MA30257: Methods for stochastic systems
[Page last updated: 23 October 2023]
Academic Year:  2023/24 
Owning Department/School:  Department of Mathematical Sciences 
Credits:  6 [equivalent to 12 CATS credits] 
Notional Study Hours:  120 
Level:  Honours (FHEQ level 6) 
Period: 

Assessment Summary:  CW 25%, EX 75% 
Assessment Detail: 

Supplementary Assessment: 

Requisites:  Before taking this module you must take MA20220, MA20221, & MA20225  Some familiarity with coding in Matlab will be required. This course may be taken without one or more of these prerequisites at the lecturer's discretion. Please consult the lecturer. 
Learning Outcomes: 
After successfully completing this unit student will be able to
1. list and describe a number of realworld systems which are most appropriately described in terms of stochastic models; 2. formulate and analyse stochastic models using appropriate mathematical techniques; 3. efficiently simulate stochastic models using a computer; 4. describe in mathematical terms the connections and differences between a range of stochastic methods, and between stochastic and deterministic modelling. 
Aims:  The aim of this unit is to introduce stochastic process from the point of view of modelling real world systems. The mathematical methods learned in this course are useful in many application areas: mathematical biology, statistical physics, financial mathematics, etc. This course introduces a broad range of techniques that we might use when representing realworld processes. The unit should be an accessible introduction to stochastic modelling for students who might otherwise avoid the subject for fear that they do not have a sufficient background in probability. The emphasis of this course will be on understanding of stochastic processes through their computational modelling, rather than on rigorous theory.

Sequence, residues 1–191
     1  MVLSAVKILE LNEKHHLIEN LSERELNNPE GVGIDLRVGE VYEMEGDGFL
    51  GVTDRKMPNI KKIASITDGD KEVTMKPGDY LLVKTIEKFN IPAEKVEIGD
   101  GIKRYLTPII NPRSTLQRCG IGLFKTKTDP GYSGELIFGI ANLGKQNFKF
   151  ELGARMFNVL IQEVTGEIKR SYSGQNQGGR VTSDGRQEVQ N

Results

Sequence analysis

Skills:  Numeracy T/F/A
Problem Solving T/F/A Programming T/A 
Content:  Stochastic modelling of chemical reactions; wellstirred systems,
Gillespie algorithm, chemical master equation, analysis of simple systems, deterministic vs.stochastic modelling, systems with multiple favourable states, stochastic resonance, stochastic focusing. Stochastic differential equations: numerical methods, FokkerPlanck equation, first exit time, backward Kolmogorov equation, chemical FokkerPlanck equation. 
Course availability: 
MA30257 is Optional on the following courses:Department of Mathematical Sciences

Notes: